Who are ninjas!

With black hoods!

This film just keeps giving! They fight all over the place. We got massive cool swordifghting action in Cantonese opera style. Sek Kin has dual swords before it was cool, Yin Bing swordfights Lam Kim-sing, and the Leung Brother hides behind one of the monster sheilds. A lot of stuff happens. Eventually, all of the 12 Great Treasures are defeated, so Taoist Priest White Ape shows them the Lotus Lamp. It is safely in a room that is booby trapped. No one can get in to get it.

Ninja attack!
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It looks like hope is lost until White-haired Nun shows up to deus ex machina an ending. She steps in and grabs the Lotus Lamp, and then yells at Lam Kim-sing for being a possessed dead person and not her student.

Back in the city, the Official with the Tribble Headdress is pleased, and so is everyone else in the movie since no one is going to be executed now. The two guardians Mr. Mo and Wong Yut-pao even get a reward! They give the ereward to their kids as a wedding present, but the two kids then give the rewards to the Leung sisters as compensation since they are still miffed over the love triangle thing. Brother Leung has something written on the back of his clothes (hooray for a joke that goes over my head since I can’t read that Chinese word) and the movie ends!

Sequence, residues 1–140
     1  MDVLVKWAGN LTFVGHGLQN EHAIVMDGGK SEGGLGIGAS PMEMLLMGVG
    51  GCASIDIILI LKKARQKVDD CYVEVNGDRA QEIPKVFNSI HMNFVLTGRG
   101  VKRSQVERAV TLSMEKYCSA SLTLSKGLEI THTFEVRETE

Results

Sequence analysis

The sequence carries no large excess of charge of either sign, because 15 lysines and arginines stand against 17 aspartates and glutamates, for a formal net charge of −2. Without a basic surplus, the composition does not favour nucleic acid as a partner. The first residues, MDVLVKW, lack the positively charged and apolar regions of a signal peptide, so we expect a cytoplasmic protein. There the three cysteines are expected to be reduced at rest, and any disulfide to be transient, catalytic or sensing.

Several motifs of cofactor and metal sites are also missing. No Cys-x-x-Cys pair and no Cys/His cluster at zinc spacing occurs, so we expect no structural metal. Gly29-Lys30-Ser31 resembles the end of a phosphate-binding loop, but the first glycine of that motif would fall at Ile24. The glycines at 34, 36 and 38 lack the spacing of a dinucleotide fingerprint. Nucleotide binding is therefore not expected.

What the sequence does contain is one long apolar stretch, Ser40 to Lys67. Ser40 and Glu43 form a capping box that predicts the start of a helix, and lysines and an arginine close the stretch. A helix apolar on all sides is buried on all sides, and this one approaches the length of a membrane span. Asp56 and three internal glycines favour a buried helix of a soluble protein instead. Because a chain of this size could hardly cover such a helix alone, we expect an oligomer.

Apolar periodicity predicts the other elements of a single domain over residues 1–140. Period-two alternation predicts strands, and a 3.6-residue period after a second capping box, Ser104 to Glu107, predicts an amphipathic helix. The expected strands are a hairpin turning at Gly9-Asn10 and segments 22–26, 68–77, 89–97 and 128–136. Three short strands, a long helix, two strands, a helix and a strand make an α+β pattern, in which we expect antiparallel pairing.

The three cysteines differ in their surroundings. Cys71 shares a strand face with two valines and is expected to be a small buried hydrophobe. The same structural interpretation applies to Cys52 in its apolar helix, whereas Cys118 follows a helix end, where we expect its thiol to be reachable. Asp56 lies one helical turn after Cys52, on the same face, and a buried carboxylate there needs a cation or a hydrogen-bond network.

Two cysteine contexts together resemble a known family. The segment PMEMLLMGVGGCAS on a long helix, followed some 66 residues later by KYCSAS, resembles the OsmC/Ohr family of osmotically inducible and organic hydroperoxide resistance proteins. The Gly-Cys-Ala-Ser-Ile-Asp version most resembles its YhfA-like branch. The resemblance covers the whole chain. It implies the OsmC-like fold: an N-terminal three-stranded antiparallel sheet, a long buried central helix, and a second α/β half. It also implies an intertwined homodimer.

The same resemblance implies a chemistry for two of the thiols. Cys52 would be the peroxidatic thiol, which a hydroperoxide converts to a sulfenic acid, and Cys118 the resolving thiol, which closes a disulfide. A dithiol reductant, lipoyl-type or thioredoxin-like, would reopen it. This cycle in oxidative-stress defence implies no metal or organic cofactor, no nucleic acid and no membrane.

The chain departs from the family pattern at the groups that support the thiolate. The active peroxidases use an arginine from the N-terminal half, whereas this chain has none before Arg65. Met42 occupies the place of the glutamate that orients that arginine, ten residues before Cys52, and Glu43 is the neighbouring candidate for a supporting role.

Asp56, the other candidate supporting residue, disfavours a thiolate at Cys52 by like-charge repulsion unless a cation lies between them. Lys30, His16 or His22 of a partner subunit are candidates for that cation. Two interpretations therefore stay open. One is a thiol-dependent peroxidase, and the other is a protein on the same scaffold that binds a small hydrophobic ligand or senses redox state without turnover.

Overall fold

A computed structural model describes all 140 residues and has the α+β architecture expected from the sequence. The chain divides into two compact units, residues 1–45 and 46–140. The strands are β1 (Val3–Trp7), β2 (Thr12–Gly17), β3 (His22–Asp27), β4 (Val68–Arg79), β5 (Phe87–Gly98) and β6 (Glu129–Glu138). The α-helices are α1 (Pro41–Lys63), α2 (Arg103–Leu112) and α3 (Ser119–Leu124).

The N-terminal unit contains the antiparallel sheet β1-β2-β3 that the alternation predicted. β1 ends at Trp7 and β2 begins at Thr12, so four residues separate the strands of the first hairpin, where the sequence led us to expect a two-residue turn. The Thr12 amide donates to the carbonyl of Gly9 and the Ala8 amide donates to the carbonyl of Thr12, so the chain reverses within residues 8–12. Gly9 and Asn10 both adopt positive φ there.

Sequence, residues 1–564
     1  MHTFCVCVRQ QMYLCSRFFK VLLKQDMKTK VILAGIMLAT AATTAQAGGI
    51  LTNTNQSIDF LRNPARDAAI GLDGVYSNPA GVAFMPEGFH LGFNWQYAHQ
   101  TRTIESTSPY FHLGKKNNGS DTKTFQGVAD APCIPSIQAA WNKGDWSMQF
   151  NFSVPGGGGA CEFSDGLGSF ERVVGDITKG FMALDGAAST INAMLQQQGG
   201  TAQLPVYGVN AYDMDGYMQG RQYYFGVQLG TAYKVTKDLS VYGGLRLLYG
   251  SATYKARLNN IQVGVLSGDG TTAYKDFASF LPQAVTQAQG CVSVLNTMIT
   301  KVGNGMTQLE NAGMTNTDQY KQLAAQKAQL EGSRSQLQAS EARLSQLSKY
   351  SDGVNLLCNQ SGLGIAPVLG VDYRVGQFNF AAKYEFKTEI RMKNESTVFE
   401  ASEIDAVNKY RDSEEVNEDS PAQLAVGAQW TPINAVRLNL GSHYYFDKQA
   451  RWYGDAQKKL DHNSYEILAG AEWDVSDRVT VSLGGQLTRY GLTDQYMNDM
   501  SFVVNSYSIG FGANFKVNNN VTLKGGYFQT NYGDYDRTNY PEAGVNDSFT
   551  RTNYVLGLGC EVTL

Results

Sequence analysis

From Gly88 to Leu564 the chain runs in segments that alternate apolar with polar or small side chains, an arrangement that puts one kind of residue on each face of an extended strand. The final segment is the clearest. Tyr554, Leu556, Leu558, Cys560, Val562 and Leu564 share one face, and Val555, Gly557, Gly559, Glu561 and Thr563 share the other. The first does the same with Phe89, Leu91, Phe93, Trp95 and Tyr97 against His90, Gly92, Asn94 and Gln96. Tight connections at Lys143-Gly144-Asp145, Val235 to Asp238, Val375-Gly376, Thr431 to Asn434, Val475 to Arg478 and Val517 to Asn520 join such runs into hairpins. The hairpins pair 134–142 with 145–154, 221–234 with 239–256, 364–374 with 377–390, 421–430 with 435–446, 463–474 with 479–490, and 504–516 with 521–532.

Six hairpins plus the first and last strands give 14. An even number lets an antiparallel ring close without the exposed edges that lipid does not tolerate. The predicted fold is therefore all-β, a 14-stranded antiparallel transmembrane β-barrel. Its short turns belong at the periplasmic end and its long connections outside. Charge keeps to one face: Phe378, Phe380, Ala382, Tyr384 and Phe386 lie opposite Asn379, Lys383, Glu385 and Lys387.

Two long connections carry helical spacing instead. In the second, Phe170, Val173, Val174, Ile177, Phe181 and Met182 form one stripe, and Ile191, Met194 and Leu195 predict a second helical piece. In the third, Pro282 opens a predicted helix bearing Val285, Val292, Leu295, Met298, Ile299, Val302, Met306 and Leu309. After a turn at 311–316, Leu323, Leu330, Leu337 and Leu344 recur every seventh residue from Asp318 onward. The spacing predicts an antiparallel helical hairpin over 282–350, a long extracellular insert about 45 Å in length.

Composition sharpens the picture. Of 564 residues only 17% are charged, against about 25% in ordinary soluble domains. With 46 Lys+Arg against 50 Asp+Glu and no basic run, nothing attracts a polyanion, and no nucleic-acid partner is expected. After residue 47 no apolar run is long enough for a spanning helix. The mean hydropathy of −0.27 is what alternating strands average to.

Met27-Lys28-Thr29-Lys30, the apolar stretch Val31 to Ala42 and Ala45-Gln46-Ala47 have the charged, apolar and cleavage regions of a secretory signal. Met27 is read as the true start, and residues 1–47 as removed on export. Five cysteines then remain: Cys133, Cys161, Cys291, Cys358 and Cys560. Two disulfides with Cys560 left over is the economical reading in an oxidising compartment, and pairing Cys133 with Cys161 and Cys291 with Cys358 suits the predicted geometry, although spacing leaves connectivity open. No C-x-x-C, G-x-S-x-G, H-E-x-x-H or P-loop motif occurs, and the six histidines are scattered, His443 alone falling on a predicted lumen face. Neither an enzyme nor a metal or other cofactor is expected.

Rated 8/10 (Magic Plant, Solid Stone, Strong Fingers, Lights out!, Peek-a-Siao, Shock and awe, Ape Sword Power, Monkeys are crazy!)

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4 thoughts on “How the Ape Girl Stole the Lotus Lamp (Review)

  1. Pingback: The Swords of Tien Shan | Mysterious Order of the Skeleton Suit

  2. Thanks abunch, I’m just discovering these awesome old. Chinese movies, ur site Is still one of the best thanks for documenting these undiscovered films